This recipe comes from Bon Appétit, December 1991
While it is fitting that the Wild Turkey, native to North America has become the symbol of Thanksgiving, it is most likely that the Pilgrims feasted on Goose or Duck on the day. In the only references to the meal in question, Edward Winslow mentions, “They four in one day killed as much fowl as, with a little help beside, served the company almost a week”. This reference to fowl could include turkey, but most historians tend think he means waterfowl. Goose had a long tradition in Europe of signifying the changing of the seasons, as they are a migratory bird. Sacrificing a goose in thanksgiving for a good harvest has roots in the Celtic Samhain, the Germanic Yule, or the celebration of the winter solstice. While the Pilgrims would certainly eschew such pagan rituals, the holiday goose had become such a part of English/Christian culture they would probably have participated in the rites without a second thought.
1 16-ounce package pitted prunes
3 cups beef stock or canned beef broth
1 3/4 cups dry red wine
1 1/4 cups prune juice
1 12- to 13-pound goose
1 orange, quartered (Not likely they had any citrus)
1 tablespoon salt
1 tablespoon ground pepper
1 large onion, cut into 8 pieces
4 bay leaves
6 tablespoons Armagnac, Cognac or other brandy
1 tablespoon butter, room temperature (supplies would have been low)
1 tablespoon all purpose flour (probably didn’t have this)
1 7 2/5-ounce jar steamed or roasted chestnuts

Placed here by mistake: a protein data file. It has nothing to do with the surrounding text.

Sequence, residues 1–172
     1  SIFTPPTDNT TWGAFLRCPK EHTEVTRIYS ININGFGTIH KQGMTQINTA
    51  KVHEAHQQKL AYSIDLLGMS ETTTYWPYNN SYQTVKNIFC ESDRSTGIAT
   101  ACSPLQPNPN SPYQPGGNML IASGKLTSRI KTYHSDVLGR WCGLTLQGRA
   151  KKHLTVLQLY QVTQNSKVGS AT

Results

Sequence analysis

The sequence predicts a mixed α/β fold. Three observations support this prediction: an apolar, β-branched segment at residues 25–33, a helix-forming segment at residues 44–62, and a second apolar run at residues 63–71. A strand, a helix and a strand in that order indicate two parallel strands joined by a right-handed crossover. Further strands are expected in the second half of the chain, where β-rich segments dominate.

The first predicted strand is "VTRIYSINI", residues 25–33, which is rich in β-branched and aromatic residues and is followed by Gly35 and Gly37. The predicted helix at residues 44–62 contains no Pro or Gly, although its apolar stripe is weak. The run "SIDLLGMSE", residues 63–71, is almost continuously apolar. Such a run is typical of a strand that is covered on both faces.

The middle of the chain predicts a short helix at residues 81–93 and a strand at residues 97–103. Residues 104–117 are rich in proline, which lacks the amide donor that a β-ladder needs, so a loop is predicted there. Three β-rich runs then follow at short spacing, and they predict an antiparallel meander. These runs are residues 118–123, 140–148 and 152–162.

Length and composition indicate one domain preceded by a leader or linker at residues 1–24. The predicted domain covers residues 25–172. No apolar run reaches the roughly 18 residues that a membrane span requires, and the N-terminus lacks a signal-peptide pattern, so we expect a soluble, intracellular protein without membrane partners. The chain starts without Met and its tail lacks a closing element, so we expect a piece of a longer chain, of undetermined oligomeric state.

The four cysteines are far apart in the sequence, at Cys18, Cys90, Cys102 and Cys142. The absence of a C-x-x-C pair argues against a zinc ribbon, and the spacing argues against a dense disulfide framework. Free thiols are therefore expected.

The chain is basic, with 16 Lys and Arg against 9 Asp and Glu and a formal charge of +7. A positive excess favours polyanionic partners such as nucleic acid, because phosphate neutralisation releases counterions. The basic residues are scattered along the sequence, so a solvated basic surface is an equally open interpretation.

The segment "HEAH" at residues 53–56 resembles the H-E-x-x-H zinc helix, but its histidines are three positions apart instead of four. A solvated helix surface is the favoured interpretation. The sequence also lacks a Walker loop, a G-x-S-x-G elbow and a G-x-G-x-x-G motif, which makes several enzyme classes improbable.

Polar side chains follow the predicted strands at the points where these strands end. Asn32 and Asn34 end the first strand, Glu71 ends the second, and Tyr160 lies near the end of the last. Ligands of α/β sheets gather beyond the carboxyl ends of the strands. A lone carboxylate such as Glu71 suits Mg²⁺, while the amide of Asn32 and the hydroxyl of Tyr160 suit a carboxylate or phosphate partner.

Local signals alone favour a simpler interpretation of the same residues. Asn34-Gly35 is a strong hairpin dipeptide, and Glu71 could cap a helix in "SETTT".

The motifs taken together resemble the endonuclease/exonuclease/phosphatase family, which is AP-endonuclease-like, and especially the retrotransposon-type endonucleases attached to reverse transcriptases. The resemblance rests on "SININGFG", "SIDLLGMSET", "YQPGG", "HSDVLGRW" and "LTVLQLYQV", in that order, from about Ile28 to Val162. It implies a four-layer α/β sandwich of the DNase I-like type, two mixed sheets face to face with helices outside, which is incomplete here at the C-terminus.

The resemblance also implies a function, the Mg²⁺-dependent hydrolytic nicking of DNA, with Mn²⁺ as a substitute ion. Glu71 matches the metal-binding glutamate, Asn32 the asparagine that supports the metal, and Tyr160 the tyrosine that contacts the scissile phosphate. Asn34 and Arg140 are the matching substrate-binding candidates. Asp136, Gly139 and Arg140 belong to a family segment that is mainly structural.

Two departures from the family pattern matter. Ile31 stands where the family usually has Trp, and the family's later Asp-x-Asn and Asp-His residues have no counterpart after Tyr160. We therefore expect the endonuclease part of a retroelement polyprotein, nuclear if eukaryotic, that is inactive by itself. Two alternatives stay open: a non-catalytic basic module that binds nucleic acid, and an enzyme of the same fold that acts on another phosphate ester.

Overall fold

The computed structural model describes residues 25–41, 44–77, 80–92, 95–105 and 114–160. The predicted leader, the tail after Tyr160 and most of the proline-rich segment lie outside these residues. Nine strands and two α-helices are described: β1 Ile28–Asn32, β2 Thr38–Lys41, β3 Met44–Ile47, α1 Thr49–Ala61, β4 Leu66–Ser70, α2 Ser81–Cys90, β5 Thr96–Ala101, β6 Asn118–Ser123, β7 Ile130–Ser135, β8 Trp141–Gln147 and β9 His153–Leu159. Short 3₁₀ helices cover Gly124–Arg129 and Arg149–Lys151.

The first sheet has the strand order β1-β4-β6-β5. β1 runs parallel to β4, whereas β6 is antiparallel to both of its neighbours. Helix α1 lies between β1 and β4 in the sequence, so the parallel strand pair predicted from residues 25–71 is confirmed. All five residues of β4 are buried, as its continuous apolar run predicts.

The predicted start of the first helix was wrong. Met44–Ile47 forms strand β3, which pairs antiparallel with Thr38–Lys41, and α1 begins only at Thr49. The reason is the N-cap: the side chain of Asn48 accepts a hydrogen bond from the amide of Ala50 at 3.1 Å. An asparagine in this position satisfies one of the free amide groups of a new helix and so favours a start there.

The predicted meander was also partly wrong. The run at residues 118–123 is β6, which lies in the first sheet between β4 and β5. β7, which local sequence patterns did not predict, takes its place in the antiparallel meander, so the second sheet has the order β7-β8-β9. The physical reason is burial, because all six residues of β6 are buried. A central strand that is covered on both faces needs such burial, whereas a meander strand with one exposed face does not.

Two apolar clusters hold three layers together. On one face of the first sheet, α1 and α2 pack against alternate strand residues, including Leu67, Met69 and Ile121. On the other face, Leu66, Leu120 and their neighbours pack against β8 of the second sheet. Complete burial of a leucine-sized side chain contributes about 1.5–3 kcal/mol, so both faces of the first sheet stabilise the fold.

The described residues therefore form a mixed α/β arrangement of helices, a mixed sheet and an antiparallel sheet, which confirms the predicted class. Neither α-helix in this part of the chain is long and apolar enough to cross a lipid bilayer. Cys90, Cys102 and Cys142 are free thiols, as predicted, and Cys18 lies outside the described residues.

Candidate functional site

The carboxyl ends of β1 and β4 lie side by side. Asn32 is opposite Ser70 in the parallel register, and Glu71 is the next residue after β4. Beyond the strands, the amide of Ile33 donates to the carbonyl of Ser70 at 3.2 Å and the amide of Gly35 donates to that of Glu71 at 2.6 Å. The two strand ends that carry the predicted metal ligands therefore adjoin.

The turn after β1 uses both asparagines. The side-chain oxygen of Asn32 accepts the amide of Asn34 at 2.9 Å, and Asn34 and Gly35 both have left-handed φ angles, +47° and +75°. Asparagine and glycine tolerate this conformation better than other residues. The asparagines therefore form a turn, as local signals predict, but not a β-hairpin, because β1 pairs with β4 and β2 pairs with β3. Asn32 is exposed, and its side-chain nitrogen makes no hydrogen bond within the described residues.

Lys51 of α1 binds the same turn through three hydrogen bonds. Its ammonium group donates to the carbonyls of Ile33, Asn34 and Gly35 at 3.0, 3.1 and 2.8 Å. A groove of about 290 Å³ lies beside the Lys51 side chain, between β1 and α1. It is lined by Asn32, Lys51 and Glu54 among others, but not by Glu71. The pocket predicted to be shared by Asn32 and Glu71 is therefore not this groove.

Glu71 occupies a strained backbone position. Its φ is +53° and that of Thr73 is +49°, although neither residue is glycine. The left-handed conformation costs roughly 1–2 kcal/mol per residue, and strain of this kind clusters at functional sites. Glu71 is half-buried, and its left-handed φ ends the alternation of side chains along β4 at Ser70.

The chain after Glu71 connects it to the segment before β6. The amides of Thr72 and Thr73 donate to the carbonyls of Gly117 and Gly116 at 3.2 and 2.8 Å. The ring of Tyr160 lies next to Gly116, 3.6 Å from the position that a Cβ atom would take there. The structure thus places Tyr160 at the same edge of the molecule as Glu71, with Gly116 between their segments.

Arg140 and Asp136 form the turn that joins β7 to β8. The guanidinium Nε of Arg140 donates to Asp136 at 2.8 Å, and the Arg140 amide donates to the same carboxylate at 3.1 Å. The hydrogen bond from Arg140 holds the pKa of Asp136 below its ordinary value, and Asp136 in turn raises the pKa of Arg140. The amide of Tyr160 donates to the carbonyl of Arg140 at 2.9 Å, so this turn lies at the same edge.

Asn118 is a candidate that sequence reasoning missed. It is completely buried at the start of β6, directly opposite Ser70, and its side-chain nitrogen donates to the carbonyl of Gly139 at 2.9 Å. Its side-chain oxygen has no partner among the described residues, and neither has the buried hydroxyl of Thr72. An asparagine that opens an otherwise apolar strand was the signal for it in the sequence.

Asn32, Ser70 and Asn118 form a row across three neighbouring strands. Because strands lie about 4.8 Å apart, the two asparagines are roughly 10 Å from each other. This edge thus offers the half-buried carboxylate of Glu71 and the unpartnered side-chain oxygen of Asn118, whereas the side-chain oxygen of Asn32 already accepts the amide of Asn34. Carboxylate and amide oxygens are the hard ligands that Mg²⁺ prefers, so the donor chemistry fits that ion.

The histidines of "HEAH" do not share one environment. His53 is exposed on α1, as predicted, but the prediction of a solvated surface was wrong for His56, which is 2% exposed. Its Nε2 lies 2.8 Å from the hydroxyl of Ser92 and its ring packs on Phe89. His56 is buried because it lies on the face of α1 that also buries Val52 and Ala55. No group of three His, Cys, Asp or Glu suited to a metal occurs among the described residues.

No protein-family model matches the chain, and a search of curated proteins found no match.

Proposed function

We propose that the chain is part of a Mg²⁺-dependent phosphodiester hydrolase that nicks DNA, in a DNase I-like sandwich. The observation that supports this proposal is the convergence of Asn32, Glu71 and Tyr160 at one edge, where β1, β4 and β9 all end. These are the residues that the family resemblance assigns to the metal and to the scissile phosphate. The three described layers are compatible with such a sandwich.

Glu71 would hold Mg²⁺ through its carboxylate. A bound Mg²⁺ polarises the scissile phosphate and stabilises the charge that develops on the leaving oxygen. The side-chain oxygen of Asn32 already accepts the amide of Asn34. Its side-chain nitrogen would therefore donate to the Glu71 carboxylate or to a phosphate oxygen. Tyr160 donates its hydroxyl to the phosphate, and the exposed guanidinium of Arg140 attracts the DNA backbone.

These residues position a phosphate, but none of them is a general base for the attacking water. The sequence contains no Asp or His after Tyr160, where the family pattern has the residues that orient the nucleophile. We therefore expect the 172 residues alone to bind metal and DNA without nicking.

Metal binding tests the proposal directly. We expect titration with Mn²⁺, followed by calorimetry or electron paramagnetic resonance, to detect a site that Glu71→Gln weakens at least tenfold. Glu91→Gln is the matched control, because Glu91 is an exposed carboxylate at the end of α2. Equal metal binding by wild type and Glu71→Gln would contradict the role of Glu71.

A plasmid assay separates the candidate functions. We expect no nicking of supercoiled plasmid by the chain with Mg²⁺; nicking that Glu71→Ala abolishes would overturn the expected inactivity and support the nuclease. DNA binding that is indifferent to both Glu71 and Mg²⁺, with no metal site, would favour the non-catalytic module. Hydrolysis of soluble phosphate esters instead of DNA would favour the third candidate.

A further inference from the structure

Chopped fresh parsley
Combine prunes, stock, 1 1/2 cups wine and 1 cup prune juice in heavy medium saucepan. Simmer 10 minutes. Remove mixture from heat. Transfer 12 prunes to small bowl, using slotted spoon.
Preheat oven to 375°F. Pat goose dry. Pull out fat from cavity. Rub inside and out with cut side of orange. Combine salt and pepper and rub inside and outside goose. Place orange, onion, bay leaves and 12 drained prunes in goose cavity. Tie legs together. Place goose on rack in roasting pan. Pierce all over with small metal skewer or toothpick.
Roast goose 15 minutes. Reduce temperature to 350°F and roast 30 minutes longer. Remove fat from roasting pan. Combine remaining 1/4 cup wine and 1/4 cup prune juice and brush some over goose. Continue roasting goose until juices run clear when pierced in thickest part of thigh, basting goose with wine mixture and removing fat from pan occasionally, about 2 hours.
Transfer goose to platter and tent with foil. Let stand 20 minutes.
Strain prune poaching liquid, reserving prunes. Degrease roasting juices. Add 1/2 cup poaching liquid to roasting pan and bring to boil, scraping up any browned bits. Transfer to heavy medium saucepan. Add Armagnac, remaining poaching liquid and degreased roasting juices. Boil until flavors are intense, about 15 minutes. Knead butter and flour together. Whisk into sauce in small bits and simmer until thick, about 8 minutes. Add poached prunes and chestnuts and heat through. Sprinkle with parsley.
Carve goose into thin slices. Spoon sauce, chestnuts and prunes over.